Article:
Pop culture obsessives writing for the pop culture obsessed.
Pop culture obsessives writing for the pop culture obsessed.

Amber Ruffin works overtime explaining how the so-called labor crisis is actually a workers' revolt

Strangely, your racist neighbor's bumper sticker gets it all wrong

Amber Ruffin
Amber Ruffin
Screenshot: The Amber Ruffin Show

Since our brains are connected directly to the internet 18 hours a day like we’re in some message-heavy sci-fi parable about the dangers of technology, you’ve all seen pictures by now of those signs whereupon business owners complain that “no one wants to work anymore.” You know, because the local chain restaurant is short-staffed since pandemic-beleaguered employees have decided that the prospect of going back to a crappy job where the owner doesn’t treat you with human respect, pay you a living wage, or refrain from putting up crappy, insulting signage is somehow less desirable than extending their social distancing time and collecting unemployment and (still paltry) government stimulus money. (That still pays more than working at that particular Sonic drive-thru.)

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Well, Amber Ruffin would like to unpack that whole “labor crisis,” as sign-scribblers and cable news talking heads have termed it. On Friday’s Amber Ruffin Show, the host addressed the fact that those minimum wage workers who are choosing not to return to the workforce just yet are just doing exactly what every sneering, classist pundit and armchair social critic has been saying all along. “All my life, I’ve heard the same argument,” said Ruffin, “‘If you don’t wanna earn minimum wage, get a better job!’ Well guess what? That’s what people are doing. They’re waiting to find a job that respects them, then pays them.” As Ruffin put it, succinctly, “It turns out the free market also means that the workers are free to only work if the job is worth it.”

And since Ruffin effectively had steam shooting out of conservatives’ ears at that point, she reminded everyone that the federal minimum wage is a below-starvation-level $7.25/hour. (Meanwhile, CEO pay has risen—checks, then double-checks notes—some 940 percent in the last 40 years, while the minimum wage has been kept right at the “skip lunch every day and you might be able to pay your electric bill this month” levels.) As Ruffin put it, the corporate come-on of, “Make you work until you’re 65 and you’re still going to die poor” isn’t quite the lure for pandemic-weary workers that it used to be. Ruffin also notes that, as usual, working mothers have even less incentive to return to having Boss Funny Sign and hostilely mask-averse customers yelling at them (or worse) for peanuts when exorbitant child care costs remain a uniquely American kick in the ass.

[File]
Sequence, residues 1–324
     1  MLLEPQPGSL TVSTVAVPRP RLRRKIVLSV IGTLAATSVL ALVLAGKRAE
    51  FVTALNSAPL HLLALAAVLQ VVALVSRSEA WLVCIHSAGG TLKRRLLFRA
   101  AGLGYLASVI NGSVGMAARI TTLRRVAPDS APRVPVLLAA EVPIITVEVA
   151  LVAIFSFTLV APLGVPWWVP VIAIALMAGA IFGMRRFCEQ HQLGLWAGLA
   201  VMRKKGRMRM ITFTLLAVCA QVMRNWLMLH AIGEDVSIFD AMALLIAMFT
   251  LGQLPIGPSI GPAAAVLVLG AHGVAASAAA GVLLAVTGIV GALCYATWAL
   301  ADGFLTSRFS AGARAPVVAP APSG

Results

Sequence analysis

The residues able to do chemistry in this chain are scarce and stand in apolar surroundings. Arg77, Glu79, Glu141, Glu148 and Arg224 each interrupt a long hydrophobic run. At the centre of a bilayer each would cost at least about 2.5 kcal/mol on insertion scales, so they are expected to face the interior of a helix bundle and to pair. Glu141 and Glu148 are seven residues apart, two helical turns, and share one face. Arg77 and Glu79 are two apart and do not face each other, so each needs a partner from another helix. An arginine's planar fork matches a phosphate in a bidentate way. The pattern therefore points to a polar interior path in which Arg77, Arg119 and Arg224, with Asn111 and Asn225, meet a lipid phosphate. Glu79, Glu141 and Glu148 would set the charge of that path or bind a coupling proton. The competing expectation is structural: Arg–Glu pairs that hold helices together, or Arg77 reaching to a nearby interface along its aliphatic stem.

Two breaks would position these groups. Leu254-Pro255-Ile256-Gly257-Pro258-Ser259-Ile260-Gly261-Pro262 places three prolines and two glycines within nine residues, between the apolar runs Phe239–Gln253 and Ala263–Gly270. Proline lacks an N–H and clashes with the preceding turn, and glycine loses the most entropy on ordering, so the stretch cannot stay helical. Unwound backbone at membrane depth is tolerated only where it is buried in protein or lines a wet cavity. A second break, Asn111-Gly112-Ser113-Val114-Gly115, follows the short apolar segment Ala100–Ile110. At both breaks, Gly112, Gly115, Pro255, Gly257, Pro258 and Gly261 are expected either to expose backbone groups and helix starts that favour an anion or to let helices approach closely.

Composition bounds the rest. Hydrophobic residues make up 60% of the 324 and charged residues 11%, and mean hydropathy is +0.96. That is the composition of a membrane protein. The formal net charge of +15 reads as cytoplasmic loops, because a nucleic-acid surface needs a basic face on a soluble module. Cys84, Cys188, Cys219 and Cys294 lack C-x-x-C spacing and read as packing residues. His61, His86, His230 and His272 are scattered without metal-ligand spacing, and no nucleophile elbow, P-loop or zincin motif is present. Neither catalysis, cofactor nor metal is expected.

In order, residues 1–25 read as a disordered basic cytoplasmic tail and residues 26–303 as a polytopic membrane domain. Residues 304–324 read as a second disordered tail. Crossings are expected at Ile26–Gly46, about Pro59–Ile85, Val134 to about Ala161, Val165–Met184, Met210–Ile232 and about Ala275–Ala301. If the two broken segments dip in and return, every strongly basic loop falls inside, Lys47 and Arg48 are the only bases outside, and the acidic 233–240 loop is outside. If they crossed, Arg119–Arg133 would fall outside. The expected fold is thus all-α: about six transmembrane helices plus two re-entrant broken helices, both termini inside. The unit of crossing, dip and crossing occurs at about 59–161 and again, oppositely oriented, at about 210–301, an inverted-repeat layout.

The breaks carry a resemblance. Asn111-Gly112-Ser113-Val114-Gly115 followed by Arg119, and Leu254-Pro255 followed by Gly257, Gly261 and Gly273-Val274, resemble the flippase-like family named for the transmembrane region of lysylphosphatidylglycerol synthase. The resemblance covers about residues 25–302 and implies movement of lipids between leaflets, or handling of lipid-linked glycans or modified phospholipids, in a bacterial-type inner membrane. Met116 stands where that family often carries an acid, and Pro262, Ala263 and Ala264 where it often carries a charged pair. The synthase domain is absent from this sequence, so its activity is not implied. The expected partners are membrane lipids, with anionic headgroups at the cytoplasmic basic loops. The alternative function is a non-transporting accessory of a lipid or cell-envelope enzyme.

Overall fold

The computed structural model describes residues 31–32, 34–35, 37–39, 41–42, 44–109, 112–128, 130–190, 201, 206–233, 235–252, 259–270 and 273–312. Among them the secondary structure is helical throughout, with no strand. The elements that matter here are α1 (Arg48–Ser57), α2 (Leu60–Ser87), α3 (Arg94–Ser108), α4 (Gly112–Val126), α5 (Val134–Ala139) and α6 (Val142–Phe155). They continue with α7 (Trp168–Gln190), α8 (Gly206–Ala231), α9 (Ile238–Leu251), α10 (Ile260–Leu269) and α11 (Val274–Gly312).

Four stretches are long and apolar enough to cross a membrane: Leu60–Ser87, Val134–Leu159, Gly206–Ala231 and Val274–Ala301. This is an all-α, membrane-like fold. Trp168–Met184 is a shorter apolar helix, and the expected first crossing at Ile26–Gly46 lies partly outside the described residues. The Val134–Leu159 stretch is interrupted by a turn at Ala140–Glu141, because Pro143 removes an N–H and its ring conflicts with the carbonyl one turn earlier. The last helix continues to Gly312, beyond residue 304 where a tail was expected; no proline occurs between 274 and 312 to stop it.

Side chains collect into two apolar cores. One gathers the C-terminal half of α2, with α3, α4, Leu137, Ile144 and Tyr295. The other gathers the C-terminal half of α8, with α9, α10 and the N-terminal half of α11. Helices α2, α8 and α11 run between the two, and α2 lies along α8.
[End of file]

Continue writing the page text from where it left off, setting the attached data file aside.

And, regarding those local businesses pandering to the “pull yourself up by your bootstraps” crowd with demeaning door-signs all but guaranteed to ensure nobody will ever want to work there again, Ruffin discouraged viewers from getting mad. (Or, you know, never, ever patronizing that patronizing business again until it starts giving its workers both respect and a living wage.) Instead, Ruffin encouraged optimism, in that that increasingly untapped stay-at-home workforce is, indeed, pulling itself up by whatever bootstraps people can still afford by forcing businesses (and their red-faced, bewildered media boosters) that just getting a job isn’t the goal—getting a job that actually pays your bills and provides you with a “safe environment with employers who value your life” is. “Listen,” Ruffin concluded, “we could be living through one of the greatest labor movements in history, because knowing your worth is revolutionary.” Offering up her own slogan (soon to adorn protest signs everywhere, no doubt), Ruffin stressed, “This is a revolution, baby, so got get your money—you fucking earned it.”